European Gas Prices Fall as Ukrainian Gains Raise Hopes for End to War

By Geoffrey Smith — European natural gas prices fell at the open on Monday as big gains on the battlefield for Ukraine raised hopes for a quick end to the war and to the destructive mutual economic blockade between the West and Russia. 

By 03:45 ET (07:45 GMT), the front-month October in the Netherlands, which serves as a benchmark for northwest Europe, was down 8.3% from Friday’s close at 191.50 euros a megawatt-hour, having earlier touched a one-month low of 195 EUR/MWh.

Prices were also capped by signs of big ongoing flows of liquefied natural gas to Europe from the U.S. and Africa, as the continent ramps up its efforts to fill storage before the peak winter heating season. In addition, European Union officials are also considering the sale of carbon permits from official reserves, something that would allow greater coal- and oil-fired power generation, reducing the need for expensive gas.

Data from Gas Infrastructure Europe suggest that net injections into storage are still continuing, with facilities across the EU now 83.6% full on average. While that’s comfortably ahead of the EU’s target, analysts still warn that a complete shutoff of Russian gas flows would make further injections effectively impossible.

Russia is still shipping small amounts of gas – around 9% of EU consumption – through other pipelines, but the risk of a complete stop has risen after President Vladimir Putin threatened such a move last week in response to EU proposals to impose a cap on the price of Russian gas imports.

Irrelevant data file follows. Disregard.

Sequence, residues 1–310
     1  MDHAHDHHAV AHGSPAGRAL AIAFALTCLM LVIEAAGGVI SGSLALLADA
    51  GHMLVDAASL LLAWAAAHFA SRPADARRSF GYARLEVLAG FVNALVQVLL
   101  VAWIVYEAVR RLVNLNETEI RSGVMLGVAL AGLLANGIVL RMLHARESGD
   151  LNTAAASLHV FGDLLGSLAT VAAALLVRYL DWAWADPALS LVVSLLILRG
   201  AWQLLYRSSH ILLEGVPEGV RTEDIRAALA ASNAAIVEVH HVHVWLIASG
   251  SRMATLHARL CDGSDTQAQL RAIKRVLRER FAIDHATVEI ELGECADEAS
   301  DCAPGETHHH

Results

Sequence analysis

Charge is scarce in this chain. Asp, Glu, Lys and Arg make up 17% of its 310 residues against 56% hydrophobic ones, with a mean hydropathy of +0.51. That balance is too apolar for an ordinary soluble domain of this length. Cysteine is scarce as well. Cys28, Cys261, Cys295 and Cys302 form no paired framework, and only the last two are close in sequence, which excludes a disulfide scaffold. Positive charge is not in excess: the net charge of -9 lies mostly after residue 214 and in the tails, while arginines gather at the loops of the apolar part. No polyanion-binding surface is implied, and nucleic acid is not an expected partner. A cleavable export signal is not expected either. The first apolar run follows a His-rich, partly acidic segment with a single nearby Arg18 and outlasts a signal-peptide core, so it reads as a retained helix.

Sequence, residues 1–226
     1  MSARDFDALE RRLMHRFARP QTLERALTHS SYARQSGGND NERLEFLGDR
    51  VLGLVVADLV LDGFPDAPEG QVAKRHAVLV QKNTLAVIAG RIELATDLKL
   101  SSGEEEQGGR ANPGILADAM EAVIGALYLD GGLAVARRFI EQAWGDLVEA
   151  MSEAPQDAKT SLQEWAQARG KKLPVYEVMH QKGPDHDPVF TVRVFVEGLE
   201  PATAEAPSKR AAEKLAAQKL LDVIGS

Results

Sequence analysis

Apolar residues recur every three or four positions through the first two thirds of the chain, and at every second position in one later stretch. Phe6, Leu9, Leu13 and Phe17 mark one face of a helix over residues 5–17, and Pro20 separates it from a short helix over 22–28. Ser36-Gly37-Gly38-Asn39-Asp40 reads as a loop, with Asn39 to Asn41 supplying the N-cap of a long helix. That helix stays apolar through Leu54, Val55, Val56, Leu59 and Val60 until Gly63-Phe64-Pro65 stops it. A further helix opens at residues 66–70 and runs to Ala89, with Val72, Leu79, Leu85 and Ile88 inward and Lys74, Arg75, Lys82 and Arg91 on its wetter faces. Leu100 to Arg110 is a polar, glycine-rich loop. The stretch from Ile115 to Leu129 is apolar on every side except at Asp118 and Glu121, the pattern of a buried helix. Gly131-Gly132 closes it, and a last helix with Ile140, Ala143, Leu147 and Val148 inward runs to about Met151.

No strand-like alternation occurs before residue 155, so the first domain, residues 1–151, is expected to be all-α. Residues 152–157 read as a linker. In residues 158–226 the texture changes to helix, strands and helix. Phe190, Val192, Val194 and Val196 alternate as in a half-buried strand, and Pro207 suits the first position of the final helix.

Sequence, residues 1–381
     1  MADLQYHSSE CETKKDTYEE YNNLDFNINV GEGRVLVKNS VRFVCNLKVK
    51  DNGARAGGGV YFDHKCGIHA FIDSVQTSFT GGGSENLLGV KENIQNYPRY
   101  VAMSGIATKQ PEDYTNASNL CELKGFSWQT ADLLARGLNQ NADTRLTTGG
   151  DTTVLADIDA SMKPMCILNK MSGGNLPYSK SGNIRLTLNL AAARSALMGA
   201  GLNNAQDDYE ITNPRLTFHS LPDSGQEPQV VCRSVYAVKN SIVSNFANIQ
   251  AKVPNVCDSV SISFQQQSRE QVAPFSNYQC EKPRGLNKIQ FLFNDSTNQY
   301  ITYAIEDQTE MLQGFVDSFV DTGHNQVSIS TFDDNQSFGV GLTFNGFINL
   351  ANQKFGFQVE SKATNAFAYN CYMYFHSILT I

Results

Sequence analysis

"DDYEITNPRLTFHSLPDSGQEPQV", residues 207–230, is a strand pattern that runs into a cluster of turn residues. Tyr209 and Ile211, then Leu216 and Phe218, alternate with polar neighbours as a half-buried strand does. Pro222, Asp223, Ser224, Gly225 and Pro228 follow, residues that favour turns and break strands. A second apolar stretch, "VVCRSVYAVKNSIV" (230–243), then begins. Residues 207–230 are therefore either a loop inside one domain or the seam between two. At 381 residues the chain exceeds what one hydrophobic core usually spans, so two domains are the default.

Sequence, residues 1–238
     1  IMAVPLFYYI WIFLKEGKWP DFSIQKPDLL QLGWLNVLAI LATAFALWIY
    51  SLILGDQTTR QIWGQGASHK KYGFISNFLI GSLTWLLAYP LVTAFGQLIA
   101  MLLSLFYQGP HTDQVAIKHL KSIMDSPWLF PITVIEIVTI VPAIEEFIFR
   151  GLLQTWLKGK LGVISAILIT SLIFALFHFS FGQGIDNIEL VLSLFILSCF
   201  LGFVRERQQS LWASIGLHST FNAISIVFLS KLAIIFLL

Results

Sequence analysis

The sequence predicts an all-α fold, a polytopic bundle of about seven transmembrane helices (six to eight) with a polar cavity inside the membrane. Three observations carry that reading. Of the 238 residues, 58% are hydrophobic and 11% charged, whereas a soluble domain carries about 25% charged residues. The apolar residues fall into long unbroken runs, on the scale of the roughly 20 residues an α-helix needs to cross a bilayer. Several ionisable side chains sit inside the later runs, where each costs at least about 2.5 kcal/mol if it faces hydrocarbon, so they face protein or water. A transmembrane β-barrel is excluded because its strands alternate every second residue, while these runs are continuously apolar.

The outlook for Russian policy has become much more unclear as a result of the spectacular success of Ukraine’s counter-offensive over the last 10 days, in which its army liberated large swathes of territory and forced a shambolic retreat by Russian forces. Russia reacted on Sunday with missile strikes on power generation and water treatment facilities in eastern Ukraine, causing widespread blackouts and the suspension of water supplies.

According to various reports Putin canceled a meeting with defense chiefs on Sunday, firing the head of the Western Military District Roman Berdnikov, only 16 days after appointing him. Unconfirmed reports on Russian social media suggested that Putin had faced unusually frank criticism from defense chiefs at their previous meeting. 

“It will take some time and further developments to assess whether Ukraine can capitalize on its gains and this in turn triggers a new stance from Russia on its energy policy,” analysts at Saxo Bank said in a morning note to clients. 

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